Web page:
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THEATER REVIEWS : Double Dose of the Bard: 1 Sings, 1 Doesn't : Odd Choices Mar Traditional 'Romeo'

July 12, 1993|SYLVIE DRAKE | TIMES THEATER CRITIC EMERITUS

Shakespeare runs in cycles.

It seems that one of his plays finds favor each year and surfaces in multiples. Last year it was "The Merchant of Venice." This year it's "Romeo and Juliet." So far the Los Angeles area has seen an all-woman edition and a souped-up, modern version, with motorcycles, yarmulkes and convertible Caddies on the CBS back-lot in Studio City (where it continues).

Now comes, of all things, a straightforward, straight-arrow, traditional staging by, of all companies, Shakespeare Festival/L.A.

Detect a level of surprise? That's because last year this company mounted a very un traditional, non -straightforward "A Midsummer Night's Dream." It was set in post-riot Los Angeles, with a cutout of Los Angeles City Hall dominating a graffiti-marred landscape while the "wood" outside town was represented by the fallen last four letters of the Hollywood Sign.

A clever stunt, yes, but encased in a fine production too. The traditionalism of this year's "Romeo and Juliet" at the John Anson Ford Theatre in Hollywood is a reasonable reaction to last year. What do you do for an encore? Traditional, after all, is not a four-letter word.

So what's the problem? Wattage, for starters. Michael Gilliam's lighting is devoted to focusing brightly on the action, whether it's happening in the middle of the night or the Capulet crypt.

Second, designer Fred M. Duer, who provided last year's imaginative setting, has gone the other way. He's delivered a bare-bones, multipurpose assemblage of wooden flats connected by a kind of poor man's Bridge of Sighs. This aerial passageway serves as expediently for the play's balcony scene as it does for the morning-after-the-wedding scene.

Reality check: Would the banished, secretly married Romeo want to stand unabashedly exposed while debating if the bird he hears is the nightingale or the lark?

*

These are choices, but clearly not helpful ones. Director Kristoffer Tabori makes others along the way that are less questionable. His Lord and Lady Capulet (the commanding Ryan Cutrona and a cattily frivolous Joan Stuart Morris) are sufficiently cold and even violent to signal a family that carries grudges, sustains feuds and would spawn as vain and arrogant a young man as the smoldering Tybalt of Luis Antonio Ramos.

The casting of Montague (Bob Sullivan) and Lady Montague (Allyson Rees Stevens), however, is less persuasive, and while Patrick Roman's performance as Benvolio is perfectly credible, he is so much older than his friends that one wonders why he hangs around with them. Or why he was cast.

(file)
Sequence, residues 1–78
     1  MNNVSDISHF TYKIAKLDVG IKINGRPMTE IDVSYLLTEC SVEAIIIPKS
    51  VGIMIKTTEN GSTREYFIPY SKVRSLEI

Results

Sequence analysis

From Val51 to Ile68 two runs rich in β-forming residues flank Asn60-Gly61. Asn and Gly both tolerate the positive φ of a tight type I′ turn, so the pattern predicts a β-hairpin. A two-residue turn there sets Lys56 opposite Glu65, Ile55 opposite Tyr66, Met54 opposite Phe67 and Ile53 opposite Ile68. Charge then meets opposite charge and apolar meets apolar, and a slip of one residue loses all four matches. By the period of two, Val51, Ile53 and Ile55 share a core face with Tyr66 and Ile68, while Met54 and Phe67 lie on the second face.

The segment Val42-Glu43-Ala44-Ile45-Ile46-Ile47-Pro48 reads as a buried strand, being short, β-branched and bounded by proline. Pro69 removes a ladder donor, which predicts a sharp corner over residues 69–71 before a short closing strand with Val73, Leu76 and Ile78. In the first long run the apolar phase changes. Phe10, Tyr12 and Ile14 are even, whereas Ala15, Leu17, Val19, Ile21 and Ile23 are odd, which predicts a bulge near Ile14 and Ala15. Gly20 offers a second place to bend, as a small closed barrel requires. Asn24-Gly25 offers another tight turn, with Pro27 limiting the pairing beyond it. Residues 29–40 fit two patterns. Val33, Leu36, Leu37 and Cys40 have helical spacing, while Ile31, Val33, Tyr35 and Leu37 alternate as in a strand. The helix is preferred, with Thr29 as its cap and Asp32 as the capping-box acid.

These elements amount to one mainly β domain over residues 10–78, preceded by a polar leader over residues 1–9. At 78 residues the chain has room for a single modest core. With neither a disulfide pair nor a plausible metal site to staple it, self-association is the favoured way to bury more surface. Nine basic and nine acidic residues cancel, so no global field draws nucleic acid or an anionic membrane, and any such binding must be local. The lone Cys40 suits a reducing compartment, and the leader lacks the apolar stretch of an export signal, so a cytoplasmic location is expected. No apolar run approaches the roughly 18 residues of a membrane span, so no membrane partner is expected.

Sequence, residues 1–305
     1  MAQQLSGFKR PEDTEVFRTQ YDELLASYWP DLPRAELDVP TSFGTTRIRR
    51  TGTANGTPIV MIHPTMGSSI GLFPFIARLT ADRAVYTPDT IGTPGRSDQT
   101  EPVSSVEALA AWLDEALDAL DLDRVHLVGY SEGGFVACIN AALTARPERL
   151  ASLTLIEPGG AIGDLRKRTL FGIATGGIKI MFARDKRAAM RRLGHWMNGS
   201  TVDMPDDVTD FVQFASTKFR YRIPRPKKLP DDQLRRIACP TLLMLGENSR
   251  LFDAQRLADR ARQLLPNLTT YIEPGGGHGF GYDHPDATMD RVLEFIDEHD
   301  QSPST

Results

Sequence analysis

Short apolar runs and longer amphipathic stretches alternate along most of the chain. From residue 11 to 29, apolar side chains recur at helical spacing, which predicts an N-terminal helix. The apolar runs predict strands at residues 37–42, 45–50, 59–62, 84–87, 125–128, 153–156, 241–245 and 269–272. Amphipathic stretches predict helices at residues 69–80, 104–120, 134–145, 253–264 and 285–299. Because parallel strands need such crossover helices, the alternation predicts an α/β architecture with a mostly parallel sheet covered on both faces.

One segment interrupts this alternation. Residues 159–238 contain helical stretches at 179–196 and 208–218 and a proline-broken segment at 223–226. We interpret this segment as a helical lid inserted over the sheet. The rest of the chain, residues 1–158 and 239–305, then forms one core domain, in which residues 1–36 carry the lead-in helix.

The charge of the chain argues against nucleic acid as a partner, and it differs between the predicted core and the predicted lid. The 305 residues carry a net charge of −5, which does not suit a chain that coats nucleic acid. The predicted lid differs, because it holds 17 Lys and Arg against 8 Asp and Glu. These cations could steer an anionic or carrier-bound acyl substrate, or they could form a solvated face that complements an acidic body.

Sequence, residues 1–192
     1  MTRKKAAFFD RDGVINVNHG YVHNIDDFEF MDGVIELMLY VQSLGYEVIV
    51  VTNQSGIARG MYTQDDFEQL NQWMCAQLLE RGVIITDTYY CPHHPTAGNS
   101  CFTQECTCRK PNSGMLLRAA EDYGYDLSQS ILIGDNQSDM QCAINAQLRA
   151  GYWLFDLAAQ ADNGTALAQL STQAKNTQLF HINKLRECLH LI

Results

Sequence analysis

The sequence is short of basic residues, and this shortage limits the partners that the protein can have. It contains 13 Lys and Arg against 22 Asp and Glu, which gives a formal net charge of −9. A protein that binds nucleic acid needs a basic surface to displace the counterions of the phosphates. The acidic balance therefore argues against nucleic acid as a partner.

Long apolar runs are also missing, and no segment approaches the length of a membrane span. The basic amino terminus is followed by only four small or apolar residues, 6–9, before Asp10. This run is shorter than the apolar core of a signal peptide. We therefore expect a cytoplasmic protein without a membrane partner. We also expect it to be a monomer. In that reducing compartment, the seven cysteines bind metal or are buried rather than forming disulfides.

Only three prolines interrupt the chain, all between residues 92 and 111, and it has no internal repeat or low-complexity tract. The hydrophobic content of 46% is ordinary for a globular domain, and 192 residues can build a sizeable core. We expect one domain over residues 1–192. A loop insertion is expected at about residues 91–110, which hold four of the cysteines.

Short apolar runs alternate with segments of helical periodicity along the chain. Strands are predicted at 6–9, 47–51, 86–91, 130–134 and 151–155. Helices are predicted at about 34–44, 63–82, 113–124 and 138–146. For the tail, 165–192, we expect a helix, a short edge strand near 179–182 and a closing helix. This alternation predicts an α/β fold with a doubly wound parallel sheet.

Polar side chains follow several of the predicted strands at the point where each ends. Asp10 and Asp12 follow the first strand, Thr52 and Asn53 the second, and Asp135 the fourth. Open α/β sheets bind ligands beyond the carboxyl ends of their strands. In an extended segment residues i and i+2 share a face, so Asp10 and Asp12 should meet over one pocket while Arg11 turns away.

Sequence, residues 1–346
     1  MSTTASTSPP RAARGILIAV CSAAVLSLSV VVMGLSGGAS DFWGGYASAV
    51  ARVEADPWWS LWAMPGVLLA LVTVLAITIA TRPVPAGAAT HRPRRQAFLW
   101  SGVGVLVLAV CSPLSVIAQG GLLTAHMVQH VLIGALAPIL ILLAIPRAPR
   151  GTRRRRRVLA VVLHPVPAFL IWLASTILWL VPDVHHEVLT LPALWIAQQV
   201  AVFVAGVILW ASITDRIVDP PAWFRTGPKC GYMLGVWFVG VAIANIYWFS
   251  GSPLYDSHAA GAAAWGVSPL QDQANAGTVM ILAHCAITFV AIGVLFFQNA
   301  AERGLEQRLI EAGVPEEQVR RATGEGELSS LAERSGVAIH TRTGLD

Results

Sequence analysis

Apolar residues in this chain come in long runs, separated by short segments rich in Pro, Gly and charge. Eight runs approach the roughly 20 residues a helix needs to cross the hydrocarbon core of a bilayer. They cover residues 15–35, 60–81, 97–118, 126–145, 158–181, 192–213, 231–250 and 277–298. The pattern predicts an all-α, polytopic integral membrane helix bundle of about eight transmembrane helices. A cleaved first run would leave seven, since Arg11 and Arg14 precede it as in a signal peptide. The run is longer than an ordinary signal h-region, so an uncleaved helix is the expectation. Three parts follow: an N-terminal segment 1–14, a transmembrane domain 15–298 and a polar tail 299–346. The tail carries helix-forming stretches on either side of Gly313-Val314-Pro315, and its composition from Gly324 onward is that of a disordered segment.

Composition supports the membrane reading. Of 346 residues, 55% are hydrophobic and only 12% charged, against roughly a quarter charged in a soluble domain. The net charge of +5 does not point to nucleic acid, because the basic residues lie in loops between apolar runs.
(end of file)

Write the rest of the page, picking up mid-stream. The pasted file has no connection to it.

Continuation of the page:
Among these friends, Jay Karnes' Mercutio is the most memorable. As bright and mercurial as his name implies, Karnes shines where others merely glow. And Randy Kovitz's breathless staging of the fight scene with Tybalt only heightens the exuberance and, ultimately, the sense of loss.

Robert Duncan McNeill's boyish Romeo is almost as appealing (an achievement, since the role itself is so much less spectacular). He is, however, not aided by his Juliet, a perpetually anguished Megan Porter Follows. Anguish is fine for the end, but where's the rush of first love? The joy? The playfulness?

She has the perfect foil in Sheelagh Cullen's fond, effusive Nurse. Cullen's warmth has obviously supplanted Lady Capulet's coolness in the care and feeding of this Juliet. But Follows doesn't follow through. She delivers a well-spoken text with a lump in the throat that forms entirely too soon.

George Ede's bumbling Friar Laurence is a bit too predictable, but when Michael Keys Hall's Prince Escalus issues an edict, you believe it. Ultimately, however, this erratic casting, the strange choices and curious scenery hurt the production.

No one can doubt that Shakespeare Festival/L.A., now in its eighth season, is a dedicated provider of free Shakespeare. Producing director Ben Donenberg has been uncommonly skilled at deriving community support, enlarging his audiences and raising the quality of his productions. For the first time this year, a second show is being added: a paid-admission engagement of "The Two Gentlemen of Verona" July 29-Aug. 8 at South Coast Botanic Garden near Rolling Hills Estates. The bywords are still onward and upward. But this "Romeo and Juliet" is, if not a step back, at least a step sideways.

* "Romeo and Juliet," John Anson Ford Theatre, 2580 Cahuenga Blvd., Hollywood. Wednesday-Sunday, 8:30 p.m. Ends July 25. Free tickets available at Ticketmaster outlets; the audience is encouraged to bring to the theater a donation of canned food for the needy; (213) 623-9224--information only. Running time: 2 hours 45 minutes.

Robert Duncan McNeill: Romeo

Megan Porter Follows: Juliet

Ryan Cutrona: Capulet

Joan Stuart Morris: Lady Capulet

Bob Sullivan: Montague/Apothecary

Allyson Rees Stevens: Lady Montague

Sheelagh Cullen: Nurse

George Ede: Friar Laurence

Jay Karnes: Mercutio

Luis Antonio Ramos: Tybalt

Patrick Roman: Benvolio

Matthew Wagner: Paris

Michael Keys Hall: Prince Escalus

Greg Fitzpatrick: Balthasar

Eighth Shakespeare Festival/L.A. presentation. Producing director Benjamin Donenberg. Associate director Janice Steele. Director Kristoffer Tabori. Sets Fred M. Duer. Lights Michael Gilliam. Costumes Todd Roehrman. Sound Denny McLane. Composer Ross Levinson. Choreographer Gui Andrisano. Fight director Randy Kovitz. Textual exposition Diana Maddox. Technical director Hap Lawrence. Production manager Eileen D. Thomas. Stage manager Crys Forsyth-Smith.

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